Human Relations Perspective in Management

Topics: Maslow's hierarchy of needs, Psychology, Abraham Maslow Pages: 4 (1455 words) Published: November 3, 2008
Katie Tolan
Human Relations Perspective

The human relations perspective is a way to manage a corporation where the employees are viewed as social beings with complex needs and desires as opposed to just units of production. It is based on the works of Abraham Maslow and Douglas McGregor in the mid twentieth century. This perspective places an emphasis on the social networks found in a corporation and uses gratification, not depravation, to provide motivation in the workplace.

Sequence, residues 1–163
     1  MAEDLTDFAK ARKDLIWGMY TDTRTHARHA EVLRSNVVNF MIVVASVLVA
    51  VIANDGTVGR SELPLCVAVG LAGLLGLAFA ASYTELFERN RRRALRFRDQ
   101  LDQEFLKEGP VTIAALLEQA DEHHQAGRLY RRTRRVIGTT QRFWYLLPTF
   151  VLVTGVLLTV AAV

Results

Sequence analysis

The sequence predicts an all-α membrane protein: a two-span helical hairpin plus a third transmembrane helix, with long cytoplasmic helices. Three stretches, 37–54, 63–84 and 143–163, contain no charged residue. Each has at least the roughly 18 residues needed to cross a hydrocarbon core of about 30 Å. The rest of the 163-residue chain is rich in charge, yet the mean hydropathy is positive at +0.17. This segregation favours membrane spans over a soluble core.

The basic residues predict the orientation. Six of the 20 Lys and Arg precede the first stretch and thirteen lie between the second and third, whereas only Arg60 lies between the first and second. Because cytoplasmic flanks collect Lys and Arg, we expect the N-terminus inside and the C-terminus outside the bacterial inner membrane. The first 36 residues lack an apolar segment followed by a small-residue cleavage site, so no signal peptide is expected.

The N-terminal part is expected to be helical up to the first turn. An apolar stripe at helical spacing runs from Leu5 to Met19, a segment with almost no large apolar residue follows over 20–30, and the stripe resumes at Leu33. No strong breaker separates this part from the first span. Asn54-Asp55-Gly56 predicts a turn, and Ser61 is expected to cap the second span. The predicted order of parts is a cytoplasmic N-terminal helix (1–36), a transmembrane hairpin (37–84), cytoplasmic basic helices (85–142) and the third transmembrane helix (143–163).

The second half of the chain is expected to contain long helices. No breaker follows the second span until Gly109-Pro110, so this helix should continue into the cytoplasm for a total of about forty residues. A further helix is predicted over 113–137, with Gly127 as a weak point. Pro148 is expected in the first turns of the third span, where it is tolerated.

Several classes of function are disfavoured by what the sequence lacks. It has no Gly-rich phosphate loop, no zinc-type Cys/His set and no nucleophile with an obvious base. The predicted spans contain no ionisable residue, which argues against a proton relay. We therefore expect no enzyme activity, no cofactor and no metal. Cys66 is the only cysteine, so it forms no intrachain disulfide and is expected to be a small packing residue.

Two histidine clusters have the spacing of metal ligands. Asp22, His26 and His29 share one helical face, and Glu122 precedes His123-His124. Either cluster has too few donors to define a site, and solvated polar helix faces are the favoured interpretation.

The human relations perspective developed in the mid twentieth century and was an extension of the behavioral viewpoint. Prior to the behavioral, almost all management was looked upon through the classical viewpoint. This viewpoint specifically focused on how to create higher efficiency though technical processes with little regard to the social aspect of work. It wasn’t until after the Hawthorne experiments that people began to realize that the happiness of the worker has a major effect on overall productivity. The experiment began as a test on the effects of different working environments on productivity. However as they proceeded researchers found that no matter what they altered productivity increased. Therefore they concluded that productivity rises when employees are given attention and a say in the decisions that affect their work. ( Kinicki, A., & Williams, B. K. (2008). Chapter 2. In Management: A practical Introduction (pp. 46-49) NYC: McGraw Hill.) Previous perspectives overlooked the relationship between the employee and the work group he/she was associated with. The Hawthorne experiments led to the establishment of the behavioral viewpoint. This viewpoint has a more psychological approach to management with an emphasis on understanding human behavior and motivating employees towards achievement. (Kinicki, A., & Williams, B. K. (2008). Chapter 2. In Management: A practical Introduction (pp. 46-49). NYC: McGraw Hill.) Maslow and McGregor further developed this...
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